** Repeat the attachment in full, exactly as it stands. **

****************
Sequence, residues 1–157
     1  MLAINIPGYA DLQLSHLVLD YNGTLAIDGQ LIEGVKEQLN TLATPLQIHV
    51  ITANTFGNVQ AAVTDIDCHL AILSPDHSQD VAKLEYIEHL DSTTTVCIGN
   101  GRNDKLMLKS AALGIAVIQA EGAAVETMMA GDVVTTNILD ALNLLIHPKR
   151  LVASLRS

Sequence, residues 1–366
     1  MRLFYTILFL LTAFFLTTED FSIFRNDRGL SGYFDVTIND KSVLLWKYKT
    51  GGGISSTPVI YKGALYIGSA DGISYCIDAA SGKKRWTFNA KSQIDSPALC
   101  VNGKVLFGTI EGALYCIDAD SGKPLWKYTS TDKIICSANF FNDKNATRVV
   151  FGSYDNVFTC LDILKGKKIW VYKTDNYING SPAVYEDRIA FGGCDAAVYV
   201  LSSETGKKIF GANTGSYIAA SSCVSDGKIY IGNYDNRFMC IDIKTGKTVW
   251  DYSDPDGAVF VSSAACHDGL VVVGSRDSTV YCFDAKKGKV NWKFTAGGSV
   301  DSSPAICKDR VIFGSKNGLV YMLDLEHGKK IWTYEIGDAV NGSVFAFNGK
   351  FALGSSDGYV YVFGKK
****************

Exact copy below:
Sequence, residues 1–157
     1  MLAINIPGYA DLQLSHLVLD YNGTLAIDGQ LIEGVKEQLN TLATPLQIHV
    51  ITANTFGNVQ AAVTDIDCHL AILSPDHSQD VAKLEYIEHL DSTTTVCIGN
   101  GRNDKLMLKS AALGIAVIQA EGAAVETMMA GDVVTTNILD ALNLLIHPKR
   151  LVASLRS

Sequence, residues 1–366
     1  MRLFYTILFL LTAFFLTTED FSIFRNDRGL SGYFDVTIND KSVLLWKYKT
    51  GGGISSTPVI YKGALYIGSA DGISYCIDAA SGKKRWTFNA KSQIDSPALC
   101  VNGKVLFGTI EGALYCIDAD SGKPLWKYTS TDKIICSANF FNDKNATRVV
   151  FGSYDNVFTC LDILKGKKIW VYKTDNYING SPAVYEDRIA FGGCDAAVYV
   201  LSSETGKKIF GANTGSYIAA SSCVSDGKIY IGNYDNRFMC IDIKTGKTVW
   251  DYSDPDGAVF VSSAACHDGL VVVGSRDSTV YCFDAKKGKV NWKFTAGGSV
   301  DSSPAICKDR VIFGSKNGLV YMLDLEHGKK IWTYEIGDAV NGSVFAFNGK
   351  FALGSSDGYV YVFGKK